Kenya is generally considered safe. However, it’s wise to stay vigilant when strolling along beaches, visiting local markets, or exploring cities. I recommend joining local tours or hiring professional guides because they know all the places to avoid in Kenya.

☞ SEE ALSO: Check out this exciting storytelling walking tour of Nairobi city

Stay Near Popular Attractions

Kenya boasts a wealth of things to do and places to visit. While here, I recommend sticking to well-frequented tourist destinations for added safety. These areas often have enhanced security, reducing the risk of encountering any unexpected incidents.

Leave Valuables at Home

While in Kenya, travel light and leave your expensive jewelry, flashy gadgets, and unnecessary valuables at home or in your hotel. It minimizes the chance of theft and allows you to enjoy your safaris without worrying about losing them.

Plan Ahead

To make the most of your Kenyan adventure, make sure you plan ahead. Research the safety of regions you’ll be visiting, have a well-thought-out itinerary, and inform yourself of local customs and regulations.

Risks & Warnings in Kenya

Below are ratings for safety in Kenya for tourists and residents based on my opinion:

  • Overall risk: Medium
  • Transport & taxi risk: Medium
  • Pickpockets risk: Medium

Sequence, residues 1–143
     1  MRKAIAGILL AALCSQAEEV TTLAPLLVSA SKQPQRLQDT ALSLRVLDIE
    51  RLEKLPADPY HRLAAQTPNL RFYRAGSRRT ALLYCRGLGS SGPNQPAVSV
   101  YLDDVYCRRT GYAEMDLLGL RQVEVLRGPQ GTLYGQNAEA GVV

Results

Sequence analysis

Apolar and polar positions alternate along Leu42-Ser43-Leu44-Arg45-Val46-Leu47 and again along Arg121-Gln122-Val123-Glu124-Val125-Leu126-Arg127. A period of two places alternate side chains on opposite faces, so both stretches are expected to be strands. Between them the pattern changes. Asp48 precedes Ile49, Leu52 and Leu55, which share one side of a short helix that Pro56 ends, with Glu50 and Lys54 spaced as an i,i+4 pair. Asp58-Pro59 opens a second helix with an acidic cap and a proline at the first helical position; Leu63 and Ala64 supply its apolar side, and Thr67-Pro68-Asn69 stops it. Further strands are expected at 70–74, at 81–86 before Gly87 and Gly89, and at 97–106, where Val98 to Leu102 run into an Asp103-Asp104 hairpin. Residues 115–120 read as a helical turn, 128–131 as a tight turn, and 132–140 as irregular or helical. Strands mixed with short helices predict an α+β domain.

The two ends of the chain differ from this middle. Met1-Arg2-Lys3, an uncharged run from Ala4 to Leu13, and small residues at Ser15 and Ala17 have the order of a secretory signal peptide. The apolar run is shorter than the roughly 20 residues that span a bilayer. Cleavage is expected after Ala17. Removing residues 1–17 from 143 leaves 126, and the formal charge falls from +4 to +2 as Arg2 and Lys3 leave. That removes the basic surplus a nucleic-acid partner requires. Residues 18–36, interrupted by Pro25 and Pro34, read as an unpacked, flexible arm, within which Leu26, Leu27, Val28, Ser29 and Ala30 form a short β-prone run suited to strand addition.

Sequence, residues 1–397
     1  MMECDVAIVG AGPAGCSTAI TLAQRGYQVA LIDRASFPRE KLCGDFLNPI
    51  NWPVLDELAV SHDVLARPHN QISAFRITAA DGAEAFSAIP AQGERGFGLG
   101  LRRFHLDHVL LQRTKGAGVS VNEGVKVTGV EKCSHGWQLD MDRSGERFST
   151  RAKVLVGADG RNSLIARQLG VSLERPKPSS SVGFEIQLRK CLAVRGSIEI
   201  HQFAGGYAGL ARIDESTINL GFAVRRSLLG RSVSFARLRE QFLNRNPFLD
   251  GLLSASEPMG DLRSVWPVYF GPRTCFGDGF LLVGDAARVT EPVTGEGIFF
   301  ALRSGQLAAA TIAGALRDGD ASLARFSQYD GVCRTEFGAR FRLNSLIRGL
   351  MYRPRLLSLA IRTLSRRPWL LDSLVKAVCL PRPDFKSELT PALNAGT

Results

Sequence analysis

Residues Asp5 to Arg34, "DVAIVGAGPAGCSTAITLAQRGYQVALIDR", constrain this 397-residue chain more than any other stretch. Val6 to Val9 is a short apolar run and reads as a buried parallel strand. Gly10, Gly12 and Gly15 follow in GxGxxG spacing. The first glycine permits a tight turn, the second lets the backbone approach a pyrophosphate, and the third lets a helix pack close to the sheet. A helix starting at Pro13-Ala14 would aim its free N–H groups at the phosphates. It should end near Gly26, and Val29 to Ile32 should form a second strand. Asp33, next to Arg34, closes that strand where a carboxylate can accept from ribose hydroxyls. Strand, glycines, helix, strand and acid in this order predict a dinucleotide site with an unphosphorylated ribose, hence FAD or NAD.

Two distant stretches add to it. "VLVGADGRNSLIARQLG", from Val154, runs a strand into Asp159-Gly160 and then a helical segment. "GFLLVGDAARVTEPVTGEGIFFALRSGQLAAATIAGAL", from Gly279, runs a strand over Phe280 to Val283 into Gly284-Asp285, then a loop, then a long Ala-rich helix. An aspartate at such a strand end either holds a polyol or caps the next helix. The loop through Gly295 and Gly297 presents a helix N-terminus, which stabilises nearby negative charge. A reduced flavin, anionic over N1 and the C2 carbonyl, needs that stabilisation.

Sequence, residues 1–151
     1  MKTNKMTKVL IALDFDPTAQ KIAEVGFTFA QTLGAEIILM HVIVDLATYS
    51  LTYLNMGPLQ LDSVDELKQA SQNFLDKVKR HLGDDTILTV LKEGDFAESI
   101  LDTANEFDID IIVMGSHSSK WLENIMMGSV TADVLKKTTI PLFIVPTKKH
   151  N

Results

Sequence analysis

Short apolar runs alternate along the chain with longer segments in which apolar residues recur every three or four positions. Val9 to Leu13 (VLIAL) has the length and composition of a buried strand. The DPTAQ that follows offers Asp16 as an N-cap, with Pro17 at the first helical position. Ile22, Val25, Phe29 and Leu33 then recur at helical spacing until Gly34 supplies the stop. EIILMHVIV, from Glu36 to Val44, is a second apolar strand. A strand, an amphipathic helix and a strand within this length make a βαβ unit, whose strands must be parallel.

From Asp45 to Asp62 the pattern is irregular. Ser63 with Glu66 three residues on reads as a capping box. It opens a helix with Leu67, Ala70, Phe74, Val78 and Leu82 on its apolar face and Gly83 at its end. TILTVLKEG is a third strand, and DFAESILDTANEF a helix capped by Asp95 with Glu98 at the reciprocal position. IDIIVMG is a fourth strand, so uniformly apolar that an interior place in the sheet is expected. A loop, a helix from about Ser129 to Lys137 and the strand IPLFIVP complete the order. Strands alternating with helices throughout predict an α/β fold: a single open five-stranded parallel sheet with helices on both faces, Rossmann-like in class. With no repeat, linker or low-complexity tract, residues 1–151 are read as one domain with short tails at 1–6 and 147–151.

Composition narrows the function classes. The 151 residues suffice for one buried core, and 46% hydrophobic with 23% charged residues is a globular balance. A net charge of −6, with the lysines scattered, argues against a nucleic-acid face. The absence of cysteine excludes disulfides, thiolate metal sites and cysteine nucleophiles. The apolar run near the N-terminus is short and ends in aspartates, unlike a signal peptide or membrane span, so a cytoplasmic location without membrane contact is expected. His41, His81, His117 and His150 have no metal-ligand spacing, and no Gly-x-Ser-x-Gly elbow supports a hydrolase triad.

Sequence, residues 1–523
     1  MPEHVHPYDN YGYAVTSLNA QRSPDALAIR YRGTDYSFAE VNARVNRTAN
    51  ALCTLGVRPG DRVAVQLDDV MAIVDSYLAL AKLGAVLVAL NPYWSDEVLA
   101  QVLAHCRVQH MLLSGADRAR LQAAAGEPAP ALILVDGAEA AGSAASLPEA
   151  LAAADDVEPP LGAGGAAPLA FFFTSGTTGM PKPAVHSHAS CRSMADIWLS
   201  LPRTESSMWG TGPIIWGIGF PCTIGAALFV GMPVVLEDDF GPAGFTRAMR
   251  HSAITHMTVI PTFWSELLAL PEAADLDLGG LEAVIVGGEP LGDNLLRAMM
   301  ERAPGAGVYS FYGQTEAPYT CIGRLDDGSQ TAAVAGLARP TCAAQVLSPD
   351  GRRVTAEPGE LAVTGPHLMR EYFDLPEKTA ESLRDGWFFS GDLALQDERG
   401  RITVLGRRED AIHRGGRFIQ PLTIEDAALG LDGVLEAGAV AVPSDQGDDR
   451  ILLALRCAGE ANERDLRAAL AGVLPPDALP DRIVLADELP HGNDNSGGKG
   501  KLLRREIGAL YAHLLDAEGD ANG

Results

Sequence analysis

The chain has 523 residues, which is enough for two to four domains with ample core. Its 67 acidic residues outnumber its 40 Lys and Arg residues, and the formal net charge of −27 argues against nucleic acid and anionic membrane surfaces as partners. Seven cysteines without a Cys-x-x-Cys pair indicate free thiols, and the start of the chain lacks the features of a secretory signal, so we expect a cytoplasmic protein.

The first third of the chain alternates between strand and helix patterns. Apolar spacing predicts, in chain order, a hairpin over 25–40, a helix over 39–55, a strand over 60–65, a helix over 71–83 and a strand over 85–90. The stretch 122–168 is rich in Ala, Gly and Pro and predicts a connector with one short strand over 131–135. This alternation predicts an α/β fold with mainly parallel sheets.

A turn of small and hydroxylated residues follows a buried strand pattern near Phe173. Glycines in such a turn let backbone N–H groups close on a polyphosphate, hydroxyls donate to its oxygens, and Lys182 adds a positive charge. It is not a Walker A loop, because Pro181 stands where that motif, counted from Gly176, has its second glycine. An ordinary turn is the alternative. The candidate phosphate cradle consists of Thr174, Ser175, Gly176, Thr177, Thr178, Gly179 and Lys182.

• Natural disaster risk: Low
  • Mugging risk: Low
  • Terrorism risk: Low
  • Scams risk: Low
  • Women travelers risk: Medium
  • Tap water risk: Medium

Safety Guide to Places in Kenya

Maasai Mara kenya

Here are the safest places to visit and areas to avoid in Kenya:

Safest Places to Visit in Kenya

If you plan to visit Kenya, you’ll always have safe places to discover. These include less-known destinations like Mambrui in Malindi and popular wildlife spots like Masai Mara National Reserve and Amboseli National Park.

Nairobi: As the biggest city in the country, Nairobi attracts all kinds of visitors, but it has several dangerous areas. It does, however, also boast many safe places to visit, including Elephant Nursery, Giraffe Center, Nairobi National Park, and Karura Forest. Click here for things to do in Nairobi and more.

SEE ALSO: 15 Best Restaurants in Nairobi: A Local Kenyan Foodie’s Guide
SEE ALSO: Food in Kenya: 15 Must-Try Dishes in Kenya

Mombasa: The coastal city of Kenya is a gateway to incredible destinations such as Watamu, Diani, and Malindi. In addition to beautiful beaches, exquisite resorts, and friendly locals, these places are home to attraction centers where safety for tourists is guaranteed.

Nanyuki: This small town along the equator is one of the safest places to visit in Kenya. Its residents are locals from different ethnic groups and expats of various origins. Around Nanyuki, several attractions are safe for tourists, including Mount Kenya and Ol Pejeta Conservancy.

Places to Avoid in Kenya

While it is safe to travel to most parts of Kenya, some places are considered dangerous and should be avoided. As a local, I don’t recommend visiting these places, but if you have to, make advance plans, and exercise caution and common sense.

Informal Settlements: Most residents in Kenya’s informal settlements, like Kibera and Mathare, are hospitable. However, there are a few elements that make the places unsafe for tourists. If you must visit these areas, consider joining a tour with a local guide.